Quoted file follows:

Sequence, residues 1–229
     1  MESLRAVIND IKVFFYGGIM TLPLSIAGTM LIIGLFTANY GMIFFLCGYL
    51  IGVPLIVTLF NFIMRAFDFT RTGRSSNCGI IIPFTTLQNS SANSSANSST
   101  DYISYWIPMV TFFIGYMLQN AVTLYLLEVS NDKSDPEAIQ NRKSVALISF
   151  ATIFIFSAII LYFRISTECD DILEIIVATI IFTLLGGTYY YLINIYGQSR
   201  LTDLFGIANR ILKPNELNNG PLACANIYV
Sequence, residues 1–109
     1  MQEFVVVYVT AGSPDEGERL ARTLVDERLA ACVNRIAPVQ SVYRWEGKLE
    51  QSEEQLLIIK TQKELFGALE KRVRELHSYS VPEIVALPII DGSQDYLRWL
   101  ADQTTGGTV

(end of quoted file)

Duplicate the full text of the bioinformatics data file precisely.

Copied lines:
Sequence, residues 1–229
     1  MESLRAVIND IKVFFYGGIM TLPLSIAGTM LIIGLFTANY GMIFFLCGYL
    51  IGVPLIVTLF NFIMRAFDFT RTGRSSNCGI IIPFTTLQNS SANSSANSST
   101  DYISYWIPMV TFFIGYMLQN AVTLYLLEVS NDKSDPEAIQ NRKSVALISF
   151  ATIFIFSAII LYFRISTECD DILEIIVATI IFTLLGGTYY YLINIYGQSR
   201  LTDLFGIANR ILKPNELNNG PLACANIYV
Sequence, residues 1–109
     1  MQEFVVVYVT AGSPDEGERL ARTLVDERLA ACVNRIAPVQ SVYRWEGKLE
    51  QSEEQLLIIK TQKELFGALE KRVRELHSYS VPEIVALPII DGSQDYLRWL
   101  ADQTTGGTV